By Dagnachew Teklu
Updated: Monday, July 15, 2013
Washington, D.C. (TADIAS) – Ethiopian Airlines plans to file an insurance claim after one of the company’s 787 Dreamliners caught fire while parked at London’s Heathrow airport on Friday.
Tadias Magazine has learned that the demand for financial compensation could be worth millions of dollars and will be made as soon as the inquiry led by UK’s Air Accidents Investigation Branch of the Department for Transport is completed.
“The insurance claim will include damage to the aircraft and other losses,” a source told Tadias on condition of anonymity because the person was not authorized to speak to the media.
The official indicated that the airline is closely monitoring developments in London, but it is not yet clear to whom the insurance request will be made.
The British regulator said in a statement on Saturday that its initial investigation show damage to the upper part of the aircraft’s fuselage, but they do not believe that it was caused by battery problems. “At this stage there is no evidence of a direct causal relationship,” the press release said, referring to the blaze and the batteries.
Ethiopian Airlines had temporarily grounded its 787 Dreamliners earlier this year for inspection following a safety warning issued by the U.S. Federal Aviation Administration (FAA) to address the risk of battery fires.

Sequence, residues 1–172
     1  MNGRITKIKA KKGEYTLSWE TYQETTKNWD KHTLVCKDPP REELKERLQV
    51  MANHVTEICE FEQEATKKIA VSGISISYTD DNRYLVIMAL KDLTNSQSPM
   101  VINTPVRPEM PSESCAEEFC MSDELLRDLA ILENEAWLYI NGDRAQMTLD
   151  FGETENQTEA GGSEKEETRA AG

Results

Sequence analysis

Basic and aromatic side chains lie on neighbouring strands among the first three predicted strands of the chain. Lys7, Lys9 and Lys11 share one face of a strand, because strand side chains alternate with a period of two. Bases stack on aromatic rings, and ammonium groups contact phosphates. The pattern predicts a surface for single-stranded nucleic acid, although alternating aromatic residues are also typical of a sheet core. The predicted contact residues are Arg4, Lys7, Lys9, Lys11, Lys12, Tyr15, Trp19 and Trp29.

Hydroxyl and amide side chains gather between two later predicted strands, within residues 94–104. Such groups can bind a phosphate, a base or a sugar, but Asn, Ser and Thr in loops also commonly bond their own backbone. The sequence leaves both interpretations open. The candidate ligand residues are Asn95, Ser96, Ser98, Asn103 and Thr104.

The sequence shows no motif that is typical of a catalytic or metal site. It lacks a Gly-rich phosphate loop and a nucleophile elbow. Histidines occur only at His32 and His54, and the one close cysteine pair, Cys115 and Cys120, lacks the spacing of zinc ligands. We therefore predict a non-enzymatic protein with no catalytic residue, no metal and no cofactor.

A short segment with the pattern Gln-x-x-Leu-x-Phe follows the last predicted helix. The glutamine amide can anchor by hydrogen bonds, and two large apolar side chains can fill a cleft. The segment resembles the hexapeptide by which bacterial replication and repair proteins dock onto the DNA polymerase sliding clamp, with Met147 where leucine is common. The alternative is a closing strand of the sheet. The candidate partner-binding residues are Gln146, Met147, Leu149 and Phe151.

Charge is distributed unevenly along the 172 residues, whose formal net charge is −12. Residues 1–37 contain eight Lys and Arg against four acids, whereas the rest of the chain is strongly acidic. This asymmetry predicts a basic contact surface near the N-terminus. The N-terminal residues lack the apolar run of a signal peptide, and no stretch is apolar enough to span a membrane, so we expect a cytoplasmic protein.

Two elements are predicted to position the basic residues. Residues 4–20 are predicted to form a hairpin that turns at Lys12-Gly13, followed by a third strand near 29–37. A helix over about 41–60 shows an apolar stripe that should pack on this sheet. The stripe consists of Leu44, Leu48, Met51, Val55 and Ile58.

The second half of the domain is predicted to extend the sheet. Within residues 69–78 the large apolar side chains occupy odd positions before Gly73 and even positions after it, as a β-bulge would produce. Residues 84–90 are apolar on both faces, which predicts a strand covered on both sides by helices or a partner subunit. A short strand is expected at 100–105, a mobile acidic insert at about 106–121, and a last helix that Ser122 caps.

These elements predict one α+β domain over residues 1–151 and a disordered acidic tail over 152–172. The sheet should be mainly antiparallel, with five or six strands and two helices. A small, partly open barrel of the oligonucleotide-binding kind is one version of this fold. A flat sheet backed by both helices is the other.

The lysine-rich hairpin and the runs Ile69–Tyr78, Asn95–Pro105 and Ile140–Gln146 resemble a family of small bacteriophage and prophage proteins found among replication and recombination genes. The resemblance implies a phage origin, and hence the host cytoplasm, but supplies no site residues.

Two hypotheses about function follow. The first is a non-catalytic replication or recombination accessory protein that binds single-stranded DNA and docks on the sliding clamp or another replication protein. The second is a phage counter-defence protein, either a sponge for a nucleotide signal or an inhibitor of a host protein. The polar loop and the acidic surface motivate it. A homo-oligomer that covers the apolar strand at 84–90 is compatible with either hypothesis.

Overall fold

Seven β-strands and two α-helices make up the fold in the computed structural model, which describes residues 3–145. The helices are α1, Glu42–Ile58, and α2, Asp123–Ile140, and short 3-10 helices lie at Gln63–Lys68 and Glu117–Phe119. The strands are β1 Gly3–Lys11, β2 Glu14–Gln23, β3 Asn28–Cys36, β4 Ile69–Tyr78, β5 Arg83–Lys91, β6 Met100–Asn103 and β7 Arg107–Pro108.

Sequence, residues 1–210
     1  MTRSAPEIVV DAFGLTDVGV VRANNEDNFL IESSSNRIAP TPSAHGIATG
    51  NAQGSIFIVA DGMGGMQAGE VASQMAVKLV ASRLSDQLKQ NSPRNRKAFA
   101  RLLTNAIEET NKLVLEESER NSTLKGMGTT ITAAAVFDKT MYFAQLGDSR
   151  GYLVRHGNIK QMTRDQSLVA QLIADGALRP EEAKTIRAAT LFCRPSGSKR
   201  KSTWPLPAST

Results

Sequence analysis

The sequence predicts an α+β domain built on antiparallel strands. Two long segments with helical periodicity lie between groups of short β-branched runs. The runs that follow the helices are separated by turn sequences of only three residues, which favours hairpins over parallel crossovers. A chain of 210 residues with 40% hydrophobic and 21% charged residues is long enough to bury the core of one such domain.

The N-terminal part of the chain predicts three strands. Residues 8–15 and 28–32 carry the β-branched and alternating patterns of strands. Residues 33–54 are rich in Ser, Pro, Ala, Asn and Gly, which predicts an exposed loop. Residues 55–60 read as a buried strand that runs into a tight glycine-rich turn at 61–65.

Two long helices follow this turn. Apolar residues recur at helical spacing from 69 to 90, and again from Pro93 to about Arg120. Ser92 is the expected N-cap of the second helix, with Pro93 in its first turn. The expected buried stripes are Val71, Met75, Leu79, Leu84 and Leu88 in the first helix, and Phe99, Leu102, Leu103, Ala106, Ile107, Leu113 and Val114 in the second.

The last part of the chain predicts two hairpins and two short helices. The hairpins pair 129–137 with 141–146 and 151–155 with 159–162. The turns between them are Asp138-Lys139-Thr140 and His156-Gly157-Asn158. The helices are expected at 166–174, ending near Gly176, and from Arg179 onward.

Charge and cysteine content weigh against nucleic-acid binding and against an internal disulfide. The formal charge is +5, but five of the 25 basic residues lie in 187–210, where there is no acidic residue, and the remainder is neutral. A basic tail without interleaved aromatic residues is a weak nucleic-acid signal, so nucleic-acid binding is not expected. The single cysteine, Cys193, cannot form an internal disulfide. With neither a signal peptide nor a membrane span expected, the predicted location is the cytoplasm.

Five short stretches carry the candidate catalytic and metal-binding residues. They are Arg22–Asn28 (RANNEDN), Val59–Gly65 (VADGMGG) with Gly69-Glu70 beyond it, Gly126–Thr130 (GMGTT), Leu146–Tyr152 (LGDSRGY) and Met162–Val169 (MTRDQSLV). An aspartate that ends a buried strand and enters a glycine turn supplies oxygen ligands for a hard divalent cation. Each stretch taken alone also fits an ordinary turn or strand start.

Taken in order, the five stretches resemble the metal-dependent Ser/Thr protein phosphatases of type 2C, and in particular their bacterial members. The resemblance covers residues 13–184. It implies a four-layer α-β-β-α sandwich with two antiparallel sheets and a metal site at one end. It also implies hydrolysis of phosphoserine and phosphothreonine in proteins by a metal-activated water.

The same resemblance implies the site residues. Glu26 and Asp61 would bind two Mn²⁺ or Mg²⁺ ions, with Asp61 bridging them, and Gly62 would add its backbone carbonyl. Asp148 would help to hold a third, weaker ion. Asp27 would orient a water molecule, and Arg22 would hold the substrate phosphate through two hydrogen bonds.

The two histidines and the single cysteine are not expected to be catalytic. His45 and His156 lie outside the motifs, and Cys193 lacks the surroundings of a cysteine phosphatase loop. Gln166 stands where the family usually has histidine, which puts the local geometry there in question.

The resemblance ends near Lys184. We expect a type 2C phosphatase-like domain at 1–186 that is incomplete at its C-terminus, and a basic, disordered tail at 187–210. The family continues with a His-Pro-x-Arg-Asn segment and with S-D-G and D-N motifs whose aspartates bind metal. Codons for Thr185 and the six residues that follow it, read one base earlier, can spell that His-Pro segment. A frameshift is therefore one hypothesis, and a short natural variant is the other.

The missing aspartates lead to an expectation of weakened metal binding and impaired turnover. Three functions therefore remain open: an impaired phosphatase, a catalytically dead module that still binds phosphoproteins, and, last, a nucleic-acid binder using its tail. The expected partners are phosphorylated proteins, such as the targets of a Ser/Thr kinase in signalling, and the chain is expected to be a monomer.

In London, the Ethiopian Boeing jet was empty and parked at a remote corner of the airport last Friday at the time the fire broke out. And there were no reported injuries. “As you know investigation is still being carried out,” the source said, speaking about the accident at Heathrow.
In an email response to Tadias Boeing said “we do not publicly discuss the contents of any discussions we may have with our customer.” The Boeing spokesperson said the aerospace corporation has been asked to participate as an advisor to the investigation and has a team on the ground working in support of authorities. “Protocol dictates that all publicly released information concerning the investigation must come from, or be approved by, the AAIB,” Boeing said.
The probe, which is underway inside a special hangar at the London airport, is being conducted by England’s Air Accidents Investigation Branch (AAIB), the American Federal Aviation Administration (FAA), the US-based National Transportation Safety Board (NTSB), The Boeing Company and Ethiopian Airlines.
Ethiopian owns four B787s and is the only African carrier that operates the Dreamliner fleet. According to Airframes.org the airline took delivery of the damaged plane, nicknamed the Queen of Sheba, in late November of 2012.
Dagnachew Teklu is a freelance journalist based in Washington, D.C.
Dreamliner Fire Probe Confirms Looking at Honeywell Part (Reuters)
Heathrow Fire: Ethiopian Airlines to Go on Flying 787 Fleet (BBC News)
Ethiopian Airlines Boeing Dreamliner Catches Fire at Heathrow Airport (The Chicago Tribune)
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